Child "drought brides" sold secretly in Kenya
By Katy Migiro
HABASWEIN, Kenya (TrustLaw) - "It's done in the dark," said Fatuma Ahmed, squatting inside her makeshift stick shelter.
"Some people sell their daughters at a tender age so they can get food. It's common but people are silent about it."
Prolonged drought in northern Kenya has pushed many families, like widow Ahmed and her seven children, toward the outskirts of towns where they are more likely to get food and water.
Aid is in short supply and people are resorting to desperate strategies. It's illegal to marry under the age of 18 in Kenya -- so the phenomenon of "drought brides" is only whispered about.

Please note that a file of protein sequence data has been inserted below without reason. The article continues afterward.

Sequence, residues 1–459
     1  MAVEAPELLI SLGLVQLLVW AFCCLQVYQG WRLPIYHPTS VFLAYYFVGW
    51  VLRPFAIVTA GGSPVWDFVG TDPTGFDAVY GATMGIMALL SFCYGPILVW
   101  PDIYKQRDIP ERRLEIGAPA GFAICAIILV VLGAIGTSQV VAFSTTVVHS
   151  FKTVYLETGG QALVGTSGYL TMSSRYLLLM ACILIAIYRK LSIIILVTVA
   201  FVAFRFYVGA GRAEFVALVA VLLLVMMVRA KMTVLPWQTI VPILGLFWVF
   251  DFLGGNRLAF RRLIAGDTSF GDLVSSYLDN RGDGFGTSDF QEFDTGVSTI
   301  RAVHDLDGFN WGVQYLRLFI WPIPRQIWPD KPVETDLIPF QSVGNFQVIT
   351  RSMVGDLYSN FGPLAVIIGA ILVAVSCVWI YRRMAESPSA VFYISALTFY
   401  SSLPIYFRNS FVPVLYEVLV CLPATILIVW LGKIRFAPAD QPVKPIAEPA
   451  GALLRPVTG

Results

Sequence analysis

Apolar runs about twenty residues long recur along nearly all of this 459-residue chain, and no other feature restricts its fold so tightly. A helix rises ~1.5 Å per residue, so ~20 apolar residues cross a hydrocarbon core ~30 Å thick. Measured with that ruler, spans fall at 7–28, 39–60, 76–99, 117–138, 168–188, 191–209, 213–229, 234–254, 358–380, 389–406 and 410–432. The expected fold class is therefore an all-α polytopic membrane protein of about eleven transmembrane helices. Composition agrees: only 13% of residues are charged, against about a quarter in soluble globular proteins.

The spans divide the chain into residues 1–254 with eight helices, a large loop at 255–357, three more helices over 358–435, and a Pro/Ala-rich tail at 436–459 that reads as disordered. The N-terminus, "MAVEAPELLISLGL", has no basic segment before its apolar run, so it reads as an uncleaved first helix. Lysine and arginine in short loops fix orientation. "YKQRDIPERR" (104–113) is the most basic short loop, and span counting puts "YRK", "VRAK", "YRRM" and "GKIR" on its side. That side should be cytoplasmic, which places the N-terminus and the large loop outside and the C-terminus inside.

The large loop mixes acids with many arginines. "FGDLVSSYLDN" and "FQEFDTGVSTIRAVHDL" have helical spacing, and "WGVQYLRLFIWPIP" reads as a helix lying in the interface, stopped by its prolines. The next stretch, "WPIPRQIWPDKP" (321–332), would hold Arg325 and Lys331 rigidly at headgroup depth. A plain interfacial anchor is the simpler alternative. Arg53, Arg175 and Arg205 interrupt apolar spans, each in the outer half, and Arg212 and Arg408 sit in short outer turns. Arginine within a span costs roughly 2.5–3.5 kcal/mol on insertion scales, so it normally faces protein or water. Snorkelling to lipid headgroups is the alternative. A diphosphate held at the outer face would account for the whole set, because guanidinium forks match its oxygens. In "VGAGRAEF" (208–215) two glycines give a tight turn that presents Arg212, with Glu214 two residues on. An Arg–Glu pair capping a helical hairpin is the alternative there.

Child marriage is not unusual is this part of the world.
Many pastoralist communities, like Somalis in Habaswein, believe it is important to marry their girls off when they are young so that their honor, or virginity, is preserved.
Women who do not marry young are seen as flawed and a burden on their family.
"In our culture, girls marry as young as nine," said one local community health worker. "She is forced to marry someone when she is not willing. They are forced by their parents." Continued...